OPINION: The cost of hatred: Tomorrow will be too late

Do we actually understand the consequences of xenophobia? Can our rulers even begin to fathom the cost of the breakdown of social cohesion? We must have a brutally honest discussion with ourselves as South Africans.

"No one is born hating another person because of the color of his skin, or his background, or his religion. People learn to hate, and if they can learn to hate, they can be taught to love, for love comes more naturally to the human heart than its opposite."

Nelson Mandela, Long Walk to Freedom

The genie is out of the bottle. Images of our xenophobic hatred have flooded the world. Can we claim to be the political miracle and the birthplace of Black Consciousness that Biko announced to the world, which inspired us in 1976? Today, across Africa and the world, we are seen increasingly as the birthplace of Afrophobia and black loathing of our African brothers and sisters.

We have more than 10 million foreign tourists per year. More than half are from Africa. They contribute more than 3 % of our GDP. This is an economic risk that faces us. Already China, UK and Australia have issued travel warnings.

Do we actually understand the consequences? The loss of innocent lives, the looting and loss of livelihoods are just the beginning. We cannot quantify the psychological terror, the fear and pain that have struck the social fabric of everyone in SA, in every home.

The question is: Where will this terrorism end? Who will be next?

The deployment of the military, the sight of armed police shooting live ammunition against angry mobs armed with hammers, knobkieries and machetes displayed on TV screens and on social media across the world, the angry and violent rhetoric sometimes heard on our radio stations - it all plays a massive and horrible role in introducing a collective psychosis in our society.

Xenophobia, coming on the back of everyday violence, violence against protesting workers, such as we saw in the Marikana Massacre, and the daily service delivery protests we see in our country, further deepens the sense of insecurity of all citizens.

The danger is that violence is still a language that many in South Africa see as the means to solve our problems. It is part of the violent past we never resolved - the generalised violence against women and children, the rape and the criminality. And therein lays the kernel of our dilemma: Do we understand the social, economic and political risks we face across Africa and the world?

Can our rulers even begin to fathom the cost of the breakdown of social cohesion?

So let us have a brutally honest discussion with ourselves as South Africans:

Are we a broken society? What is our identity? What are our values? What is our humanity? Are our democratic traditions, our proud Madiba legacy of human rights, social justice and solidarity but a false veneer?

Do we lack the leaders capable of leading us to the better life we promised our people in 1994? I find the surprise today expressed by our leaders across the political spectrum just plain hypocrisy. Xenophobia has been incubating its hatred for some time now. Are we all guilty of a grand conspiracy of silence on the underlying causes of the horrors of the past few weeks?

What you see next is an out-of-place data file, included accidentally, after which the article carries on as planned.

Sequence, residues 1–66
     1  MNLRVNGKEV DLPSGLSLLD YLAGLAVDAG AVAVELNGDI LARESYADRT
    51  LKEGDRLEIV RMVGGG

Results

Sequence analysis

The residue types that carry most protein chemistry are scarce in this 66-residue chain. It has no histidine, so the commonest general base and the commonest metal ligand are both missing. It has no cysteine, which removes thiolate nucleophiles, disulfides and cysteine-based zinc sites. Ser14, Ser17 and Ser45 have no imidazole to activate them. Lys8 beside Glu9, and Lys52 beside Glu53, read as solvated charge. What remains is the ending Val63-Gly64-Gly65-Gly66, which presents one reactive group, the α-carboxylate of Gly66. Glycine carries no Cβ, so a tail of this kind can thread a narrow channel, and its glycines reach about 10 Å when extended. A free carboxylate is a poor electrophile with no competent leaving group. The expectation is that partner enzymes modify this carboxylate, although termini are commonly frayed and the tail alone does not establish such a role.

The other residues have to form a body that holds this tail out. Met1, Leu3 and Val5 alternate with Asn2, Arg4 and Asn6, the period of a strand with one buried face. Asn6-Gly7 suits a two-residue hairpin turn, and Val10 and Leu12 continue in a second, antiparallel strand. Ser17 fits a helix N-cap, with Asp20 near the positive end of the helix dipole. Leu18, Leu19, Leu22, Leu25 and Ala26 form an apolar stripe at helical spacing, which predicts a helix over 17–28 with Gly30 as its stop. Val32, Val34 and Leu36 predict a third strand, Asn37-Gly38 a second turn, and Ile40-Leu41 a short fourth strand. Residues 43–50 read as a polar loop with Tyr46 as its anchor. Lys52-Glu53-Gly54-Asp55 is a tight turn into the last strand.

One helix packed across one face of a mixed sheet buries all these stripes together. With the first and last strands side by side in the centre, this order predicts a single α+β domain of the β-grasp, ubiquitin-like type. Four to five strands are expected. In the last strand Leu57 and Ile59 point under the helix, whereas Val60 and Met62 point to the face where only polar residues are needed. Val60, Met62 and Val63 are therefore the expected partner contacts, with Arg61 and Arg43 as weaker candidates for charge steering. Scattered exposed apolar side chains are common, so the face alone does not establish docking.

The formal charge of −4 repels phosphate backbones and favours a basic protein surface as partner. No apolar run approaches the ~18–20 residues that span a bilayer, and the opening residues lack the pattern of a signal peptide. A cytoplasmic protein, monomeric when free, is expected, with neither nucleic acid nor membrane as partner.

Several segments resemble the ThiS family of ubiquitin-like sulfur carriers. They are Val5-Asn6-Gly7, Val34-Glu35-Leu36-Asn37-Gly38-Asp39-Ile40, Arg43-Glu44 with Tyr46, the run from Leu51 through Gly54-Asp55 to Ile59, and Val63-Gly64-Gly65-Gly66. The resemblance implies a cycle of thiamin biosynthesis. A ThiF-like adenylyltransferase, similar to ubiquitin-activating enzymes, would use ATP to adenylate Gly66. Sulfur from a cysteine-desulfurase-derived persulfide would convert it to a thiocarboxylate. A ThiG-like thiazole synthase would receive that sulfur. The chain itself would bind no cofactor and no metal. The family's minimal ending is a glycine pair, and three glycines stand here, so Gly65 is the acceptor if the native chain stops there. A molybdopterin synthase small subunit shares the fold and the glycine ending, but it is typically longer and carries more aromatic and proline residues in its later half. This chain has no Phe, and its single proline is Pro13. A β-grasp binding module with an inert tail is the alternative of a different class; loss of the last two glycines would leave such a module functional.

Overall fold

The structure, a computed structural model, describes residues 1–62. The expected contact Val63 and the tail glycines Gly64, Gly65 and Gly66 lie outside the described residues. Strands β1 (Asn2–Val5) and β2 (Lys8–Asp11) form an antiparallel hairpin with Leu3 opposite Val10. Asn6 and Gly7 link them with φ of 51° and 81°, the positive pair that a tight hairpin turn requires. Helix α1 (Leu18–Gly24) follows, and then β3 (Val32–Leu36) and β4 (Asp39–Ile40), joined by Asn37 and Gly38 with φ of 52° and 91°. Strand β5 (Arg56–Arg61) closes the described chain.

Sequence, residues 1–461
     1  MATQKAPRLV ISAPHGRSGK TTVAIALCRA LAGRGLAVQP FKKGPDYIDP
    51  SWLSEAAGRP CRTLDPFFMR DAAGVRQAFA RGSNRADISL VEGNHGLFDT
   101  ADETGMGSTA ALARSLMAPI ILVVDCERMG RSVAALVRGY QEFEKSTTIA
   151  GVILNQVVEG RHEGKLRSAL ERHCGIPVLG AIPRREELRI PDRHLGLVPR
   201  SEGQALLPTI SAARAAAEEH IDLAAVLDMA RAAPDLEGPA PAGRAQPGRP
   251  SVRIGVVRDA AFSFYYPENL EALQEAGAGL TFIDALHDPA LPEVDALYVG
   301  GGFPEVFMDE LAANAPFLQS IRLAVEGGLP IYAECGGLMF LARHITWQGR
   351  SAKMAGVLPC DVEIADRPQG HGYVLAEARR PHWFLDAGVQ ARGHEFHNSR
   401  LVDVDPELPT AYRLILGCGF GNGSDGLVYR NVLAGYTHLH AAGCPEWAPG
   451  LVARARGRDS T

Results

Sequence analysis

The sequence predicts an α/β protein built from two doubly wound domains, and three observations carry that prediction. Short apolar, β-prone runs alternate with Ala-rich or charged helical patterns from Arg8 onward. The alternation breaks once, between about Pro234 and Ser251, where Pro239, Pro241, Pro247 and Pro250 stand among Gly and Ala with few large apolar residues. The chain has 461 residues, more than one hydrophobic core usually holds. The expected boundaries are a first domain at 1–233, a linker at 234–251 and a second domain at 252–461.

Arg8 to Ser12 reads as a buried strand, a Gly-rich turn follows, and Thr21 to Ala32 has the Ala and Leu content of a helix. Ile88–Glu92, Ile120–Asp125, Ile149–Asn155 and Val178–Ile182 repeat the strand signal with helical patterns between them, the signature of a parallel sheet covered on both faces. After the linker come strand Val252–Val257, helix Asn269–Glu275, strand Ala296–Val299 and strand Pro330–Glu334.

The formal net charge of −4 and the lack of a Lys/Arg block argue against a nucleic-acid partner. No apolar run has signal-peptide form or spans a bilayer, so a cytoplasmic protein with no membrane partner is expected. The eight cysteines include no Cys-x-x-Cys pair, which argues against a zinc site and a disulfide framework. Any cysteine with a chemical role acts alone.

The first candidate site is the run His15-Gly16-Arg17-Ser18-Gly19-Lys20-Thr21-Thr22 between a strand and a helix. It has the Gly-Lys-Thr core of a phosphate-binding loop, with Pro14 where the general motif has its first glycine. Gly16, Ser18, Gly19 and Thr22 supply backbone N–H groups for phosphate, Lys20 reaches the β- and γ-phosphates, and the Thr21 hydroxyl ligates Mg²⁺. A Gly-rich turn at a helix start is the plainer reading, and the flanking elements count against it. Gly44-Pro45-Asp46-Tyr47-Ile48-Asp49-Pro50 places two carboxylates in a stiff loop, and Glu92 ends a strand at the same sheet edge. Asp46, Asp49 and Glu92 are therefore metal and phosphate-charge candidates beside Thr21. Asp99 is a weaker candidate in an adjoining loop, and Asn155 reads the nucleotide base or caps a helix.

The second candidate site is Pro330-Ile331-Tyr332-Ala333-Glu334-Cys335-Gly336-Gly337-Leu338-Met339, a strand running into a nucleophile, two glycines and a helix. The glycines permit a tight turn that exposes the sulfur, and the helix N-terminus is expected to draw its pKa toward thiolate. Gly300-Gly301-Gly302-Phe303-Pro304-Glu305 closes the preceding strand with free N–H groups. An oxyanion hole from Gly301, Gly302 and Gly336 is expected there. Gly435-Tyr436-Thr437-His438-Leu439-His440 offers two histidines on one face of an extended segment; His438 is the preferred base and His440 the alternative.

Those of us who could have acted have done very little in our safe cocoons, insulated from the discontent raging in our townships and slums. As Frantz Fanon wrote, "The unpreparedness of the educated classes, the lack of practical links between them and the mass of the people, their laziness, and, let it be said, their cowardice at the decisive moment of the struggle, will give rise to tragic mishaps."

Beyond our HIV/AIDS denialism, we have repeated recurrences of other denials, the latest being on xenophobia. We know the deep seething anger in our townships, squatter camps and brutalised dormitories that have not changed since Apartheid. Anger that just needs a spark of xenophobic opportunism to light a fire that today has left our townships with a river of blood, looted livelihoods and shattered dignity.

Bishop Paul Verryn spoke of "futureless youth" and a legacy of institutional mistrust and discrimination that steals from the poor and gives to the rich. The real enemy is a culture of corruption that reserves opportunities for the elite and excludes everybody else. This is the reality we have to face today.

In 1994 President Mandela made a promise that "Never, never and never again shall it be that this beautiful land will again experience the oppression of one by another."

Do we understand the gravity of this lifelong commitment?

We are at a crossroads today.

We want a government that listens, that is accountable and honest.

We want leadership that serves society and not themselves, their private and family interests.

We want leaders who rule with our consent and not the collusion of predatory interests who undermine our Constitution and our public institutions.

We want an end to corruption that undermines our trust in our government, business and our civil society organisations.

We want our human dignity restored and for social justice to prevail.

This is the moment of truth for the next generation. If you want to protect your future and want our democracy to mean more than the right to vote every five years, then you must become leaders of today. Because tomorrow will be too late. It's hard work. It means going organising street by street, township by township, and village by village. My hope is that our wave of outrage against xenophobia will morph into a powerful movement against corruption and for accountability.

I am exhausted by fighting racism, xenophobia, violence and human greed. Are you not? But I'll never give up. I hope you won't either.

This column first appeared on Daily Maverick.